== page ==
EZ Forms Are Still a Puzzle For Illiterate Taxpayers

IF you can read these words, you will probably have an easier time meeting Thursday's tax-filing deadline than the 27 million functional illiterates in the United States.

The simplest federal tax form - the 1040EZ - is written at a high school reading level. Other forms and instructions use college-level English.

People who are unable to read and fill out the forms themselves turn to friends, relatives, certified accountants, or tax-preparing companies.

"One of the skills I've maintained over the years is recruiting somebody to help me with things like that," says Elaine Williams of Boston. "For years, I signed contracts or things of that nature not knowing if my first-born child was given up or not."

Although Ms. Williams is improving her reading skills, a family member still steps in to help at tax-filing time.

"I don't own a home or anything, so basically all I need to do is the EZ form," Williams says. "But even at this point when my reading has improved, maybe I know what the words say [but] comprehending what they mean is another subject altogether."

Williams suggests that the instruction booklets should include more examples showing people how to fill out forms and calculate taxes.

Irving Sands of Nashua, N.H., is fortunate enough to have a brother who is an accountant to help with his taxes. "When I lived out in California, I stumbled through it myself," he says. "The reading at that time was real hard."

Mr. Sands is a self-employed painter, so his taxes are often complicated. After his brother completes the forms, he takes them to H&R Block for a final review. Dealing with a tax preparation service is less intimidating than talking to the Internal Revenue Service (IRS), he says.

"It's more embarrassing when you go into an agency like the IRS and you have a problem with reading and you're asking them for help," Sands says. "They just assume that everyone can read and follow instructions easily. That's a real big oversight on their part."

Sands says many people with reading problems go to commercial tax preparers for help because they will do everything for you. "They're going to put in your name and then say, `Sign here on the X.' They point out exactly where to sign."

Kathryn Estridge of Eau Claire, Wis., paid American Tax Services $40 for help in filing her taxes this year. "All I had to do was just hand it to them; they filled out the form," she says.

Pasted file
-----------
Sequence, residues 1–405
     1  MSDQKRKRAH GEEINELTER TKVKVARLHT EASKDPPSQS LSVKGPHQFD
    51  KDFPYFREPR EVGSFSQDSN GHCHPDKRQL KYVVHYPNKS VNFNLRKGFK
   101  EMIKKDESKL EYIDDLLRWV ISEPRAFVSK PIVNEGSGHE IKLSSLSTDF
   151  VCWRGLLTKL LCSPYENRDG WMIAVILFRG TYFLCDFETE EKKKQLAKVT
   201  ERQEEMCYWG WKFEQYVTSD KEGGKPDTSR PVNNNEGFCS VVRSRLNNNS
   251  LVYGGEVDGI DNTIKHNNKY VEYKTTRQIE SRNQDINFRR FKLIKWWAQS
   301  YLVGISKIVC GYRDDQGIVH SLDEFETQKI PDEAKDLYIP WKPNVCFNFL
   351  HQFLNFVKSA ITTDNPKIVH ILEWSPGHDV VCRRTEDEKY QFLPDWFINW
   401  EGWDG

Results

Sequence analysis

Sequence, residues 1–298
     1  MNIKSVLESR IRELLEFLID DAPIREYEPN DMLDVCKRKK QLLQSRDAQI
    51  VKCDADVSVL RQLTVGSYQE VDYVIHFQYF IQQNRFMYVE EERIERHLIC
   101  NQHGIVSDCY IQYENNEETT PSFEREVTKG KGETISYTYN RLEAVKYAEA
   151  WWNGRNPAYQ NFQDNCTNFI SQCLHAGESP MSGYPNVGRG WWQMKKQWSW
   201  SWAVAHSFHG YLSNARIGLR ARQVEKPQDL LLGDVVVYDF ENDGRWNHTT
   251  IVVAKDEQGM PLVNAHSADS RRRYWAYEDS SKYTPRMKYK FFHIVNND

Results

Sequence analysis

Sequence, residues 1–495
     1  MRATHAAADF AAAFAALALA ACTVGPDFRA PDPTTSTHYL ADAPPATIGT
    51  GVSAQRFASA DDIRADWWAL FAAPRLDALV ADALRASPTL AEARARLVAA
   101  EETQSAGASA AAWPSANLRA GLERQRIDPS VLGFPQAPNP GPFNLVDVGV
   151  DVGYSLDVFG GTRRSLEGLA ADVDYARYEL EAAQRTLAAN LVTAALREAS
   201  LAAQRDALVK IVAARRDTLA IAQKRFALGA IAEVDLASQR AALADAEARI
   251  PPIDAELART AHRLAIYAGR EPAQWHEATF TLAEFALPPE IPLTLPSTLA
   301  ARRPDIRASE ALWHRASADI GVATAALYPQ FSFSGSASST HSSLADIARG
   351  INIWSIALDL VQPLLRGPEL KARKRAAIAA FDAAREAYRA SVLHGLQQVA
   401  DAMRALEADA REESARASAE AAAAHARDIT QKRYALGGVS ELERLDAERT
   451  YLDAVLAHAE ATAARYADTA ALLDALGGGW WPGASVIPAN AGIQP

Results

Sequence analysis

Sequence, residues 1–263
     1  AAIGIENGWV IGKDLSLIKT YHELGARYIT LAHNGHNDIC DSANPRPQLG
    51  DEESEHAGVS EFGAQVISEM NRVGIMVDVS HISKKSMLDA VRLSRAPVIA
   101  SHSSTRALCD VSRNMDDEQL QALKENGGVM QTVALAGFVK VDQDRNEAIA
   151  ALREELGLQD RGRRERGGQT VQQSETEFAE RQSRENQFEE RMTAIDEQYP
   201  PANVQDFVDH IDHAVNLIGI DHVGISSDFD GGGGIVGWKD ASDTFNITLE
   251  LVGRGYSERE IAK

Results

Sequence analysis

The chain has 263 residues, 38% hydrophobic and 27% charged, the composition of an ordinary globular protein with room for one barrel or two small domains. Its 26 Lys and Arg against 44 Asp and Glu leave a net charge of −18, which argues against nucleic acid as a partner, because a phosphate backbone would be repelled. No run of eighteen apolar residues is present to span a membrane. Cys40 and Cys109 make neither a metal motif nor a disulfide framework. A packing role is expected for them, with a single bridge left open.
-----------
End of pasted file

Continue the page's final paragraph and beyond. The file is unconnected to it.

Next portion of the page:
The hardest part for many low-level readers is knowing how to go about getting the right forms, Ms. Estridge says. "I went to the post office to try to get the forms I needed and the guy said, `There's a bunch of forms right over there. Just go pick out what you need.' That makes you feel ant-size. I was so upset I just left."

At the library, Estridge had the same problem. "So I just picked out about 20 different forms and took them home," she says. Later, someone helped her sort out what she needed.

Many Americans who are unable to read tax forms own companies or hold well-paying jobs. "People who are low-literate can have quite successful businesses and have a good business sense," says Nancy Anderson, manager of special tax projects for H&R Block in Kansas City, Mo.

Nonreaders who come into one of the company's 9,000 offices are not treated differently from other customers, Ms. Anderson says.

"We train our people to treat all client's with respect," Anderson says. "As it develops that an individual has low literacy, we simply compensate by the thoroughness of the interview and the manner in which questions are asked. It's really the ability to empathize and recognize those situations and act accordingly without changing your attitude toward those people."

The IRS offers some help for functionally illiterate taxpayers as well. "We offer volunteer assistance at walk-in centers for someone who is unable to read or write," says Don Roberts, an IRS spokesman. The Volunteer Income Tax Assistance program and Tax Counseling for the Elderly also have volunteers available to help.

Finding a way to file taxes is just one of many daily mazes that functionally illiterate people navigate.

"Everyday burdens are so consuming 365 days a year that the tax forms are just another thing on top of ... job applications, medical forms, rents, checking accounts, mail, driver's licenses, street signs, and bank account information," says Roberta Soolman, executive director of Literacy Volunteers of Massachusetts.

Much of the printed information in circulation could be simplified for easier reading, Ms. Soolman says. "There has been a movement in the health-care field to rewrite materials at a more reasonable reading level," she says. Some states are even rewriting their driver's license manuals. But federal and state tax forms are still difficult for many people to decipher.

"There's got to be an easier way," Estridge says.

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